He was still a medical student when he shot to stardom in the music world, first winning a BBC talent competition and then the International Operatic Singing Competition in Marmande, France. Sony Music soon came calling with a recording deal, and in 1998, Tynan joined the Irish Tenors. Along with Finbar Wright and Anthony Kearns, the trio was soon performing across the globe and in a series of popular concerts on PBS and had a million-selling album.

Since then, Tynan has sung at venues from the White House to the National Cathedral, for the funeral of Ronald Reagan. When the twin towers fell on September 11, 2001, his tenor quickly emerged as the voice of an entire city, as he performed at a succession of benefits and memorial services for fallen officers of the New York Police and Fire departments.

“I was overwhelmed many years ago when I first came to the United States by the generosity of the American people while competing at the Paralympics in New York, particularly the fire and police departments,” says Tynan. “I decided there and then if ever an opportunity arose to return the kindness that I had been shown at that time, I would do it. Little did I realize that the events of 9/11 would provide that opportunity. It has always been my honor to sing for the people who protect this great country.”

Tynan wouldn’t reveal what songs he will perform tonight, but given his eclectic repertoire—which includes U2, Leonard Cohen, Joni Mitchell, and Sarah McLachlan—it’s likely to be anything but a traditional opera performance. And he hasn’t wasted any time surprising Boston audiences: after becoming a fixture of the seventh-inning stretch for the Yankees, Tynan stepped onto the field of Fenway Park on July 4 this year for his first-ever performance for the Red Sox.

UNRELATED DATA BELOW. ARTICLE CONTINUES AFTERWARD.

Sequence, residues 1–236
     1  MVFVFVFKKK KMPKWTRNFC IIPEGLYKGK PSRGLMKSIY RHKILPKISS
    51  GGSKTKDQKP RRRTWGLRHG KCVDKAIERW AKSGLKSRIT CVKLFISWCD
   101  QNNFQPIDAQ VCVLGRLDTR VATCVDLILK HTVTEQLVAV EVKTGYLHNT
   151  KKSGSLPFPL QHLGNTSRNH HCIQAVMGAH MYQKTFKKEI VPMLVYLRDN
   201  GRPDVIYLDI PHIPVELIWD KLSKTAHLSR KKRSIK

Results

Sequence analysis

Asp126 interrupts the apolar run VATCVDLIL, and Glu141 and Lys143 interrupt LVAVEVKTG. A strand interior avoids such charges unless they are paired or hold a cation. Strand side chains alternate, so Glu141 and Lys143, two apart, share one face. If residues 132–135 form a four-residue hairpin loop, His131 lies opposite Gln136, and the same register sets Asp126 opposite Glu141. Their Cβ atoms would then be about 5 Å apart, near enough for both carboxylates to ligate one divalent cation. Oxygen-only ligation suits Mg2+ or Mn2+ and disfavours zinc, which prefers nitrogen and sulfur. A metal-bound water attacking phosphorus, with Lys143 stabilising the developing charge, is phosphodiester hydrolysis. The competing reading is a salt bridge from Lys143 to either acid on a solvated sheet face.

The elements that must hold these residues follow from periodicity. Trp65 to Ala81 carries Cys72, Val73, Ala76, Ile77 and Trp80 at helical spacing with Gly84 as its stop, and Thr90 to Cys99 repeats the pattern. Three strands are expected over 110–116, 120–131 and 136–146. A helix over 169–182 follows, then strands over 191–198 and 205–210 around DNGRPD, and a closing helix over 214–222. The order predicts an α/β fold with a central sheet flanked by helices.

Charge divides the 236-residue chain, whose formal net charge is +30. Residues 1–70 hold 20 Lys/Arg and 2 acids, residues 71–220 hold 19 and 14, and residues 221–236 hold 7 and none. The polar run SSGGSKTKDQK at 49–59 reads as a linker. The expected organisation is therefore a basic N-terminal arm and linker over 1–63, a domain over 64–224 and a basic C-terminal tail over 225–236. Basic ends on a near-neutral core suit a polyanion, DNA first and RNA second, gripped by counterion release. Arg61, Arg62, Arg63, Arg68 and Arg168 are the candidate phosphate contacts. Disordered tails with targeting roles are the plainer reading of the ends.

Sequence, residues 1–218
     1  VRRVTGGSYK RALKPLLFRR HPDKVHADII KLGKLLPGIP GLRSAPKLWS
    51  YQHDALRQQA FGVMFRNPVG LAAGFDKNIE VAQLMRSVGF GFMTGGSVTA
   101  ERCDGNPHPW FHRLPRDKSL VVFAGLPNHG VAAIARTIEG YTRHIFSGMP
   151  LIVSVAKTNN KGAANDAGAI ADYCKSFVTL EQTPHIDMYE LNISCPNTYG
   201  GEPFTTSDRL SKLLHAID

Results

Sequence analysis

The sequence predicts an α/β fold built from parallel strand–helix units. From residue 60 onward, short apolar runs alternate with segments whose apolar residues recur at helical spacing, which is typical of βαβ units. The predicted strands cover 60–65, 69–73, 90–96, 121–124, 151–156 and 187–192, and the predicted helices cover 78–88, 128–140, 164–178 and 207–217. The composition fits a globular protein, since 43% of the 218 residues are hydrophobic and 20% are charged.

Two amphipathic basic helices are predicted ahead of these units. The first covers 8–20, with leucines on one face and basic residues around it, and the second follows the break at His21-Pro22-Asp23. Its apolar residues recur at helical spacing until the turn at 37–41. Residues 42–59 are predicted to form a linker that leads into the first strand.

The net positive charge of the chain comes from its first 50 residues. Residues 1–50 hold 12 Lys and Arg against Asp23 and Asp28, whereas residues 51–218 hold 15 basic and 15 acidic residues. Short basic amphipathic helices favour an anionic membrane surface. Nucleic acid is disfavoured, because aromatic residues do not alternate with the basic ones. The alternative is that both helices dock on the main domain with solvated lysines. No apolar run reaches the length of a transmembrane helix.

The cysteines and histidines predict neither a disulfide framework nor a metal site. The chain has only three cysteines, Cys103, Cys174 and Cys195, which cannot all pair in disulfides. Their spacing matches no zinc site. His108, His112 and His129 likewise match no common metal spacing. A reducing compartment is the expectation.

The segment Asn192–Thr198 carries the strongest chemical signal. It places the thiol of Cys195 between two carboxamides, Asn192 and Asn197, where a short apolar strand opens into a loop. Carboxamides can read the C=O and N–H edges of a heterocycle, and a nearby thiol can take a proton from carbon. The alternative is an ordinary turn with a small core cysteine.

“The Boston audiences have always been very generous to me,” Tynan says, “but if you are honest in your performance all audiences respond fantastically.”

Ronan Tynan will speak and perform tonight, Wednesday, November 17, at 7 p.m. (doors open at 6:30) at the Tsai Performance Center, 685 Commonwealth Ave. Sponsored by the Howard Gotlieb Archival Research Center, the event is free and open to the public, but you must call to reserve a ticket prior to the event. For tickets, call 617-353-8725 or email tsaictr@bu.edu.

Francie Latour can be reached at comiskey@bu.edu.


2 Comments on Irish Tenor, Voice of 9/11, Performs Tonight

  • Anonymous on 11.17.2010 at 10:06 am


    This article completely ignores the fact that Tynan no longer sings at Yankee Stadium because of anti-Semitic remarks he made. Seems like something that would be important for BU’s large Jewish population to know.

  • KAHNA EMERY on 05.31.2015 at 2:18 pm

    He apologized soon after he made the comment; which probably means he wishes he never would have said that. Did you ever say anything that you regret and wish you hadn’t ever even had that thought? I forgive Tynan.